quote:Freezing rain storm makes more casualties
Widespread freezing rain produced by Winter Storm "Jupiter" persists for much of western Oklahoma, Kansas, northern Missouri, and western Iowa. Continuing snow is forecast to the north of the freezing rain, and to the south, heavy rain and the potential for severe thunderstorms. As of late Sunday, January 15, 2017, the death toll has risen to 6. Tens of thousands have already lost power and there is a potential millions could be affected by power outages.
A significant winter storm system hit much of the central US this weekend and will continue through Monday, January 17, the National Weather Service said. More than 30 million Americans are under some type of wintry watch, and 10 million of those are under an ice storm warning.
The hardest-hit states are Oklahoma, Kansas and Missouri with up to 2.5 cm (1 inch) of ice coating trees, power lines and roads. There is a potential millions of residents will lose power.
The weather service also issued a tornado watch for large parts of Texas and a tornado warning for just west of Waco. At least one tornado has touched down in central Texas, the service confirmed. Their spokesman said damage was reported Sunday evening in the Bosque County town of Clifton, about 100 km (62 miles) southwest of Forth Worth, and east of Lake Whitney, but it's unclear if both areas were hit by the same tornado. No injuries have been reported.
As of late Sunday, January 15, Jupiter was blamed for the deaths of at least six people. Two deaths occurred in separate accidents in Kansas, three in Missouri and one in Oklahoma. All of them died on roads.
A weather-related crash involving two semi trucks happened south of Odessa, Nebraska and closed both directions of I-80 Sunday morning. Nebraska state Patrol said that there were no injuries. I-80 was opened reopened about noon Sunday, but officials warned drivers to be extremely careful on the icy roads.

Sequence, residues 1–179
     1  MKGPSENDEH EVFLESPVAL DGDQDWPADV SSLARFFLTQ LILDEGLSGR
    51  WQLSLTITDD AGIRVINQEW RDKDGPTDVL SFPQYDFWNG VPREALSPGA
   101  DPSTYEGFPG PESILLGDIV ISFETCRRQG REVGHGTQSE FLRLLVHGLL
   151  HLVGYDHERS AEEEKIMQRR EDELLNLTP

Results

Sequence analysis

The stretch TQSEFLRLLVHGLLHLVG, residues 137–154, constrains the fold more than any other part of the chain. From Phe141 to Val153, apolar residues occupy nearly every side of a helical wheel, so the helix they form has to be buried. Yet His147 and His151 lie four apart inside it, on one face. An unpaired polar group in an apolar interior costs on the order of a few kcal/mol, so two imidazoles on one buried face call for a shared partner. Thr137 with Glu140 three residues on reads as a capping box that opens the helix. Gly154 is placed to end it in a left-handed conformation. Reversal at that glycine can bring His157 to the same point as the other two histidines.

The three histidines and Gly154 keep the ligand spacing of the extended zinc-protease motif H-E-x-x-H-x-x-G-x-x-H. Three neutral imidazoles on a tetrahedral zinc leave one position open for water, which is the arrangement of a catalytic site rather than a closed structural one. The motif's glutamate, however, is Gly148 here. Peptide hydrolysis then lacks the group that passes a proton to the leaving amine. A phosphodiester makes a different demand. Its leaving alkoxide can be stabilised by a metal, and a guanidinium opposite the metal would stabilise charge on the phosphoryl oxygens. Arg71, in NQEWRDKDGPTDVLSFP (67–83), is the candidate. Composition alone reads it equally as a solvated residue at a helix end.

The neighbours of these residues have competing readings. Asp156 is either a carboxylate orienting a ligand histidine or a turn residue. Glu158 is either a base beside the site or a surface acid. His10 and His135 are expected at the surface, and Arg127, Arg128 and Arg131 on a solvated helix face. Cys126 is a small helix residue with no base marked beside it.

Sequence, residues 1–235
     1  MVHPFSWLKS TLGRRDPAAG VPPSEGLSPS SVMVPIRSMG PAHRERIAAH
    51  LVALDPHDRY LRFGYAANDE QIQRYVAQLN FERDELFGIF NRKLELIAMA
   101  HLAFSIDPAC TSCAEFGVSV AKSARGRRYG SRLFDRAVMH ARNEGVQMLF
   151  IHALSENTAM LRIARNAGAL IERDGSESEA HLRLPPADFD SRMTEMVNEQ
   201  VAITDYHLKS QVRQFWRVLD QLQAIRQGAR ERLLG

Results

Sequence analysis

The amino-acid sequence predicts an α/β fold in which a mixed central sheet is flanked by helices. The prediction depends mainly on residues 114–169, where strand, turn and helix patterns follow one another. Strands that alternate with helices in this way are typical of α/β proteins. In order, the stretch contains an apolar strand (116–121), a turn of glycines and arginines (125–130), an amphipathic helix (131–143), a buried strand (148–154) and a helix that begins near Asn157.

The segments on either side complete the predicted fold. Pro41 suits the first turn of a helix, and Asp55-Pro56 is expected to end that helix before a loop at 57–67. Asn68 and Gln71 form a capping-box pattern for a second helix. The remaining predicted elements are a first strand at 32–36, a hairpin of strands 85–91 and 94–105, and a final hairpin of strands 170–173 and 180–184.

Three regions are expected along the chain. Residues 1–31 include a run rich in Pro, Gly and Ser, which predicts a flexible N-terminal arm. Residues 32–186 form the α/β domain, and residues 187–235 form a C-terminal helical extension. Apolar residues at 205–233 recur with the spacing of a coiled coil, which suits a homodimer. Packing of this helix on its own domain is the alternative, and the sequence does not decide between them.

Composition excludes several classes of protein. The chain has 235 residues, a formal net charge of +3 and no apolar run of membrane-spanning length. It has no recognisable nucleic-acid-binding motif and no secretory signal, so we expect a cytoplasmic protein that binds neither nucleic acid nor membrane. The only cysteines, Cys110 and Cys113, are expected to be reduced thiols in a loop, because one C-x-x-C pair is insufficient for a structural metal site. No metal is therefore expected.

NWS meteorologist Cathy Zapotocny said that an ice storm of this magnitude hasn't hit Nebraska in 11 years.
http://abcnews.go.com/US/(...)rm-flooding-44979378quote:The third and most powerful in a series of storms pounded Southern California, dropping nearly 4 inches of rain south of Los Angeles, flooding freeways and raising concerns about damaging mudslides.
Commuters could expect a messy drive to work Monday in several areas, with rainfall expected to ease slightly but not taper off until Tuesday.
Flash flood watches and warnings were in effect for swaths of greater Los Angeles and across Southern California where multiple roads were closed Sunday or blocked by fallen trees.
The National Weather Service cautioned that the system was expected to gain strength into Sunday evening and could end up being the strongest storm in at least seven years. California has been swamped during a wet winter that has brought plenty of rain and snow after years of drought.
By early evening, the rainfall had set new records. Long Beach Airport received 3.87 inches of rain by 5 p.m., breaking the all-time daily record for rainfall. Los Angeles Airport got 2.78 inches of rain Sunday, another all-time daily record.
Firefighters in San Bernardino County staged a dramatic swift-water rescue of a couple whose pickup truck was trapped in surging water west of the Cajon Pass. Television footage showed rescue crews sending a raft, which was anchored to a fire truck, into rushing brown water so the trapped couple could climb aboard, one by one, from the car's passenger window.
Fast-moving floodwaters swept through California mountain communities and residents fled homes below hillsides scarred by wildfires. Forecasts said mountain locations could see up to 6 inches of rain. Rain fell at a rate of nearly three-quarters of an inch per hour.
Residents in rural Santa Cruz County watched helplessly Sunday as the San Lorenzo River spilled over its banks for the second time this month, sending muddy water and debris into yards and homes. No injuries were reported.